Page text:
Sorry there are no pictures with this. I was too busy all day to take any. We were booked for a "giving back" trip for which we have some funding. The idea is to take local young people for a trip and give them each a go at steering, working locks etc (under close supervision). The trip is from Portland Basin, up 3 locks to Staley Wharf, wind and return. This should take about 4 hours.
The level on the Ashton pound was well down so we stemmed alongside Cavendish Mill (possibly on microwaves thrown from the flat windows). I had a phone call from Christine, our shop manager to say that someone had 'phoned to complain that they were bringing a boat down and it would be difficult to get past sunken "Southam" at Knowl st. The words bus, through and get spring to mind!
Working up the 3 locks was straightforward and our guests were enjoying getting involved. Above lock 3 is a long pound (well, long for the HNC) and I was dismayed to find this the best part of a foot down. It's tricky to get through even when full.
We removed a log and a huge plastic pallet from the paddle recess.
I asked Tony to go ahead and "find some water". A difficult task as the only source is the short, though relatively deep, pounds through Stalybridge. I warned him that there was a boat coming down, so he would need to make sure he left enough water for them to get through.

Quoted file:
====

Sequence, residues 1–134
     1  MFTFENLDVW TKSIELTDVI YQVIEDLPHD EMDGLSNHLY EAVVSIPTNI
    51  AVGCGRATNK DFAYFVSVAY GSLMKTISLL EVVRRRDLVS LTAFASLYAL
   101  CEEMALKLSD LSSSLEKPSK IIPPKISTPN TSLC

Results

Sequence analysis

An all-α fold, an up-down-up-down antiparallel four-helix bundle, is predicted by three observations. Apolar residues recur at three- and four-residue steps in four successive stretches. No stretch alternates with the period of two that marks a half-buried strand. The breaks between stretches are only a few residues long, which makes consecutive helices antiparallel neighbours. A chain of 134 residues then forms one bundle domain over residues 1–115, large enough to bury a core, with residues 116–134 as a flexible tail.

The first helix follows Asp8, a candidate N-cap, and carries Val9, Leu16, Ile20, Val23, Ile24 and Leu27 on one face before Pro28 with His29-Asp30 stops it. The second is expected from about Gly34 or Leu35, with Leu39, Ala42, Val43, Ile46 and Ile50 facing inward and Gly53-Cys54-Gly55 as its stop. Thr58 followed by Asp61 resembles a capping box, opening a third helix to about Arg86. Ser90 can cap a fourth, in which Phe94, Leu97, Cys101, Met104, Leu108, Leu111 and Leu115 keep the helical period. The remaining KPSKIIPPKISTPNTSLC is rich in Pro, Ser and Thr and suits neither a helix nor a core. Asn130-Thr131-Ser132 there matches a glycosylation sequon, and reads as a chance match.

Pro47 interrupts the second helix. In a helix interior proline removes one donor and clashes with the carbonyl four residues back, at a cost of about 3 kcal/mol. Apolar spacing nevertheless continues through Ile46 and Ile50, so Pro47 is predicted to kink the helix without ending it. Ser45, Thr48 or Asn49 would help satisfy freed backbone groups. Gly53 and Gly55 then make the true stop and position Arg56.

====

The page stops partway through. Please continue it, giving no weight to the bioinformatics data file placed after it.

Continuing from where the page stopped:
Right outside the lock "Forget me Not" stopped in mid channel. She would go neither forwards nor backwards (nor sideways for that matter. Tony rang to say that he'd let as much water as he dare out of 4-5 pound. Of course, its effect on the long pound was minimal. A lot of thrashing about and pulling on lines achieved a few yards progress, then we stuck fast again. Tony rang again to say that he couldn't get any water from the next pound up as it was already completely empty. I noticed it was like that earlier in the week, though it was getting a feed from above. He would have to top it up from the Armentierres Square pound.
I started emptying the ballast tanks and our guests decided to consume the buffet lunch that we had provided. Tony rang again very angry to say that the downhill boat had arrived and the people were very rude to him and accused him of stealing their water, oblivious of the fact that he was filling a pound that they needed to fill anyway. I think perhaps they imagined that he had emptied the pound, which he had not.
With lunch eaten and the ballast tanks completely empty I decided to have another go. I attached a long line to the back end rail and got all the young lads out of "Hazel" to join Aaron and Kim in pulling on it. When we finally got a co-ordinated pull the boat moved, initially for a short distance, but another effort got her moving properly. (just here the bottom is strewn with boulders from a section of washwall that collapsed and was rebuilt, leaving the original material in the cut).